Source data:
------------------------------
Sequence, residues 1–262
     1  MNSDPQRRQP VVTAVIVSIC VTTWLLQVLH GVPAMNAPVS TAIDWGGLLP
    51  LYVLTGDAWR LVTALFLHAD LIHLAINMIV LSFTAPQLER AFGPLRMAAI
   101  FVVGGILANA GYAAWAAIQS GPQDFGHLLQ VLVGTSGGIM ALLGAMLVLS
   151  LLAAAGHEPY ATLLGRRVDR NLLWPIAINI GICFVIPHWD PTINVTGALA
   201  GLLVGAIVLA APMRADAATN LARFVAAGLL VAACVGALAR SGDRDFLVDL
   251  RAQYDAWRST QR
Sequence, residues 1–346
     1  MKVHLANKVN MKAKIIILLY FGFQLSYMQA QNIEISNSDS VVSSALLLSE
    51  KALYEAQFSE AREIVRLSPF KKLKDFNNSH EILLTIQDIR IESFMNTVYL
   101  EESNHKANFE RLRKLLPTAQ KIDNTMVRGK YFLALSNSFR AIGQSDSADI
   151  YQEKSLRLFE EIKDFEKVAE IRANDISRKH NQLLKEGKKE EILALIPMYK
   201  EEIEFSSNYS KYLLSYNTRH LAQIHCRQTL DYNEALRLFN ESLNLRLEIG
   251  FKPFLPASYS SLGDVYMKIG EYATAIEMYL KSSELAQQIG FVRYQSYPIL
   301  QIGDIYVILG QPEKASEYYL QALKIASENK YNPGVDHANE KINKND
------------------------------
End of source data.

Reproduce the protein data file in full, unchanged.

Sequence, residues 1–262
     1  MNSDPQRRQP VVTAVIVSIC VTTWLLQVLH GVPAMNAPVS TAIDWGGLLP
    51  LYVLTGDAWR LVTALFLHAD LIHLAINMIV LSFTAPQLER AFGPLRMAAI
   101  FVVGGILANA GYAAWAAIQS GPQDFGHLLQ VLVGTSGGIM ALLGAMLVLS
   151  LLAAAGHEPY ATLLGRRVDR NLLWPIAINI GICFVIPHWD PTINVTGALA
   201  GLLVGAIVLA APMRADAATN LARFVAAGLL VAACVGALAR SGDRDFLVDL
   251  RAQYDAWRST QR
Sequence, residues 1–346
     1  MKVHLANKVN MKAKIIILLY FGFQLSYMQA QNIEISNSDS VVSSALLLSE
    51  KALYEAQFSE AREIVRLSPF KKLKDFNNSH EILLTIQDIR IESFMNTVYL
   101  EESNHKANFE RLRKLLPTAQ KIDNTMVRGK YFLALSNSFR AIGQSDSADI
   151  YQEKSLRLFE EIKDFEKVAE IRANDISRKH NQLLKEGKKE EILALIPMYK
   201  EEIEFSSNYS KYLLSYNTRH LAQIHCRQTL DYNEALRLFN ESLNLRLEIG
   251  FKPFLPASYS SLGDVYMKIG EYATAIEMYL KSSELAQQIG FVRYQSYPIL
   301  QIGDIYVILG QPEKASEYYL QALKIASENK YNPGVDHANE KINKND